THE MIGHTY HERCULES: THE MASK OF VULCAN
There were very few things I could set my watch to when I was a kid. I always new there would be football practice. I always knew there would be school. I knew my father would lose his shit about something during the day and take a swing at me. And, I knew there would be The Mighty Hercules before school. Cereal in my belly, clothes on my back, book bag full of homework to bring back to the teacher, my brother and I would sit on the couch, each and every day, and watch this historical super hero take on the dumbest of villains. Nope, this is one that didn’t come up on Saturday morning, but it actually helped to make EVERY day feel a bit more like Saturday morning. It’s amazing that the original versions were in black-and-white, and shit, the sound the monsters made. It was the same sound for all of them. Awesome. – FATS
The Mighty Hercules is a low-budget animated series based loosely on the Greek mythological character of Heracles, under his Roman Mythology name, Hercules. It was created in 1962 and then debuted on TV in 1963 and ran until 1966 coinciding with the sword and sandal genre of films popular at the time. Each standalone episode runs approximately five minutes with opening and closing credits, and in syndication several such episodes are compiled to fill 30-minute timeslots (including commercials).
he cartoon features Hercules, the legendary hero, who dwells on Mount Olympus. When villains threaten the people of ancient Greece, often in the fictional kingdom of Caledon, Hercules comes to the rescue of the Kingdom or whomever may be in trouble. When in serious danger, Hercules puts on his magic ring from which he gets his superpowers. Once wearing the ring and raising his fist, the ring is struck by flashes of lightning (referred to as the Thunder of Zeus in several episodes). Hercules is then endowed with super-strength, and goes forth for several brief episodes to do battle with nemeses such as Daedalus, an evil wizard who is the chief villain (sometimes accompanied by his pet cat Dydo); as well as others such as Wilhemine the Sea Witch (accompanied by her pet bird Elvira); and Murtis (aka The Mask of Vulcan), who was invulnerable due to his wearing of an iron helmet, itself known as the Mask of Vulcan.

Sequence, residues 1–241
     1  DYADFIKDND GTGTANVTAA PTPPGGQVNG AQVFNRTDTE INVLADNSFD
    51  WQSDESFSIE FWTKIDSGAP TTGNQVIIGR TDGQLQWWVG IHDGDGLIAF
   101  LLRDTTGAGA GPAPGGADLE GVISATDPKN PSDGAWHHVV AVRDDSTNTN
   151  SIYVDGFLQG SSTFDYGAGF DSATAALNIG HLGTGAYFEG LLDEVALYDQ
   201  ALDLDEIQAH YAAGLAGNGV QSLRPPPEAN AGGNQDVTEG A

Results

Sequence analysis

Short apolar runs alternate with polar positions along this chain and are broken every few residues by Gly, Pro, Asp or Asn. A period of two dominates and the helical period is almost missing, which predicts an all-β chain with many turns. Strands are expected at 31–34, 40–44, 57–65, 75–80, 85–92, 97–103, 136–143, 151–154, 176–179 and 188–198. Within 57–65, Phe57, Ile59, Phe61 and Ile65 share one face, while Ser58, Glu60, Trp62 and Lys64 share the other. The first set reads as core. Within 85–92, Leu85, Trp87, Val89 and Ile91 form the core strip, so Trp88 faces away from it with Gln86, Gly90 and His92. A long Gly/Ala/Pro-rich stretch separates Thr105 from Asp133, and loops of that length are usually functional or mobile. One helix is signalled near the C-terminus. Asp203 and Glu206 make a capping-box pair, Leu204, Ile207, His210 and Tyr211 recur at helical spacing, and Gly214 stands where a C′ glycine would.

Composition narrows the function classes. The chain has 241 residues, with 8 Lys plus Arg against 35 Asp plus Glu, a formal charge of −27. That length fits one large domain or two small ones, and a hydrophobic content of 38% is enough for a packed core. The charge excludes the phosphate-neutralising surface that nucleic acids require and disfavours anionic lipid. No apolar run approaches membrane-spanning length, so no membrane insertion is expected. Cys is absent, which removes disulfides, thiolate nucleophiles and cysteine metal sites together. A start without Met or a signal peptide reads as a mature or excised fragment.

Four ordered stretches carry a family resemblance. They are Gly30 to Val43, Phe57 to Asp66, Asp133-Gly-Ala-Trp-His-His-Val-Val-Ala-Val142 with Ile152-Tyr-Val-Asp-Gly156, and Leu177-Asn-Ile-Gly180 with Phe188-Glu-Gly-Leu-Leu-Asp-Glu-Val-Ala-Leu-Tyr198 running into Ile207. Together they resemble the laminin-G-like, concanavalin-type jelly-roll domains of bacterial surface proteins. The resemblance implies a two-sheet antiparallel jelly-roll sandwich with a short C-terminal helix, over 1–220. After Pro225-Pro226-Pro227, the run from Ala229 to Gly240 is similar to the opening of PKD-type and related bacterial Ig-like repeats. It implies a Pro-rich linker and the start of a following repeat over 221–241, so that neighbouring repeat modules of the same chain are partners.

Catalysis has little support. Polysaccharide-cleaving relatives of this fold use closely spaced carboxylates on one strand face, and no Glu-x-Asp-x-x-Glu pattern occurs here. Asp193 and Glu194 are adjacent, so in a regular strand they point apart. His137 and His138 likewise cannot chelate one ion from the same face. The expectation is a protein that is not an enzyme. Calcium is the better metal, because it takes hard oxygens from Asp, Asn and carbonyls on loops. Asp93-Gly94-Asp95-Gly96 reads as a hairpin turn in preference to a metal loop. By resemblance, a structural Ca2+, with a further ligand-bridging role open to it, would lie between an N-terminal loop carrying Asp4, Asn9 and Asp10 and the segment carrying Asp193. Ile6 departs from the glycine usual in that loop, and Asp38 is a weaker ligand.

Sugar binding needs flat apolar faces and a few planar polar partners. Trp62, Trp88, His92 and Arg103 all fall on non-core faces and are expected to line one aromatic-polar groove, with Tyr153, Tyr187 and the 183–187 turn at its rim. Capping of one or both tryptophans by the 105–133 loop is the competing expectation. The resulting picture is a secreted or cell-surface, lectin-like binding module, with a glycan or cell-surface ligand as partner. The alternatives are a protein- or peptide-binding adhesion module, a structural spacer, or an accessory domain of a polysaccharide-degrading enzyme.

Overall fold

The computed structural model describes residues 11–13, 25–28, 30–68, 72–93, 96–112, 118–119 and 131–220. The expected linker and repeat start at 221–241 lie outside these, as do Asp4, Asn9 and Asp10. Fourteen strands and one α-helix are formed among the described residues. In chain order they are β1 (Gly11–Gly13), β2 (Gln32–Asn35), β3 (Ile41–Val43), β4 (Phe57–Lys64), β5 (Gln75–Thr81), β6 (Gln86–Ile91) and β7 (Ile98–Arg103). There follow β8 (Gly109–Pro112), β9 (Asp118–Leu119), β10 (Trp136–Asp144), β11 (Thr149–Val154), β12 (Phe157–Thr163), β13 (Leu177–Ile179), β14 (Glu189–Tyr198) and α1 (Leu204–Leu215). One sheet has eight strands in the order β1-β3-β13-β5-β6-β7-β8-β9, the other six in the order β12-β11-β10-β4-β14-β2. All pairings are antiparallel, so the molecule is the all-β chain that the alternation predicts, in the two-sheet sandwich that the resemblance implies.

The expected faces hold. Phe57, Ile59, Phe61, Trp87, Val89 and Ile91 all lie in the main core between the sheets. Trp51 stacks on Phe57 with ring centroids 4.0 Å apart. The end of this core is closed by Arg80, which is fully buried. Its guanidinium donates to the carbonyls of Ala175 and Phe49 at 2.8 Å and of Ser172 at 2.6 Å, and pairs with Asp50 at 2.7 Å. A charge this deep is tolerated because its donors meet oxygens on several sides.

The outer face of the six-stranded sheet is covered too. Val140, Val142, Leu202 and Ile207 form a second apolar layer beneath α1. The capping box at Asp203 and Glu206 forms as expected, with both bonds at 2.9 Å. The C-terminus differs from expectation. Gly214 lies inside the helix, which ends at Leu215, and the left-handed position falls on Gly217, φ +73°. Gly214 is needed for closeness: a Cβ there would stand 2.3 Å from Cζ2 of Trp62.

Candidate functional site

- his main sidekick, Newton, the helpful boy centaur who has an annoying habit of repeating himself every time he speaks
- Helena, Hercules’s incompetent girlfriend
- Prince (later King) Dorian of Caledon
- Tewt, a small satyr who vocalizes only by playing his bagpipes
- Timon, a young human from Caledon
- Pegasus, Hercules’s winged steed.
Also featured atop Mount Olympus are Hercules’s father Zeus and Dodonis with his crystal rock of seeing. Both often warn Hercules of the troubles going on down below in and around the Kingdom of Caledon or deep in the Lernaean Forest.
In the original episode, Hercules beats his friend Theseus in a footrace and a wrestling match, and for his victory is granted any request by Zeus as a reward. Hercules wishes to go to Earth to fight evil and injustice, but Zeus reminds him that going to Earth would cause him to lose his godly powers and become a mortal. Zeus then creates a magic ring that allows Hercules to access his godly strength while on Earth, rendering the whole thing redundant. The rest of the cartoon involves Hercules meeting Helena and fighting a giant named Cacus and the giant’s pet dragon. None of the other familiar characters make an appearance in this episode, and it features different character designs for Hercules (who in this one short has a yellow belt and wristbands, with a black H in block lettering on the belt; the ring is of similar design, large and yellow, with a black H in a giant sunburst) and Helena (who has a different hairstyle, a silver necklace, and more makeup than her later versions).
The show generally used real Greek myths for their inspiration, but used the influences oddly. Daedalus, the evil wizard who is Hercules’s most frequent foe, is named for Daedalus, mythological artificer who wasn’t a villain at all,
and Cacus, the giant in the first episode, is based on the mythological monster Cacus. Other recurring creatures like the Nemean Lion, the Lernaean Hydra, the Erymanthian Boar, and the Stymphalian Birds were taken directly from Hercules’s Twelve Labors, but most weren’t presented as trials for him to overcome. (For example, Hercules defeats the Lion in one punch before Murtis gives it a Mask of Vulcan to help it; the Boar is already bound by a silver chain, and Hercules first stops Murtis and later Daedalus from freeing it).
In addition to the ring, later episodes added new equipment for Hercules and his friends to use: a “moon stone” beam in his belt (and a matching belt that Newton frequently wore) that could be used to summon him from Mount Olympus, an invulnerable sword and shield (both with the same “H” symbol as his ring and belt), and a set of pipes to summon Pegasus, his winged steed. (Hercules was not paired with Pegasus in the original myths, but this concept of the two together was also included thirty years later in Disney’s animated version of Hercules).
Episodes invariably ended with Hercules, having defeated the villain, racing towards Mount Olympus (usually with the villain in tow), shouting “Olympia!”